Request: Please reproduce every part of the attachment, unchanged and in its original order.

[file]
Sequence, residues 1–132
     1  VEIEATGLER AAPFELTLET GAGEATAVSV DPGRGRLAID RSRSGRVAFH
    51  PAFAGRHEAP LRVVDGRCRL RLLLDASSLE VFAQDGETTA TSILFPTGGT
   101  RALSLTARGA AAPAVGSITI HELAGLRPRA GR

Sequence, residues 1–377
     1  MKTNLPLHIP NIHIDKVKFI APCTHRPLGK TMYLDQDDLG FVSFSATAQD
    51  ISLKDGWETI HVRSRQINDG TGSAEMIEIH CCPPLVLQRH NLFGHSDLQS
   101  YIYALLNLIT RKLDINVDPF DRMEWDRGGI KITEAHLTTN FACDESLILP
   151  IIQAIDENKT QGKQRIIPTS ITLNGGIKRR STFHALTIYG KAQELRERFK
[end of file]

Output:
Sequence, residues 1–132
     1  VEIEATGLER AAPFELTLET GAGEATAVSV DPGRGRLAID RSRSGRVAFH
    51  PAFAGRHEAP LRVVDGRCRL RLLLDASSLE VFAQDGETTA TSILFPTGGT
   101  RALSLTARGA AAPAVGSITI HELAGLRPRA GR

Sequence, residues 1–377
     1  MKTNLPLHIP NIHIDKVKFI APCTHRPLGK TMYLDQDDLG FVSFSATAQD
    51  ISLKDGWETI HVRSRQINDG TGSAEMIEIH CCPPLVLQRH NLFGHSDLQS
   101  YIYALLNLIT RKLDINVDPF DRMEWDRGGI KITEAHLTTN FACDESLILP
   151  IIQAIDENKT QGKQRIIPTS ITLNGGIKRR STFHALTIYG KAQELRERFK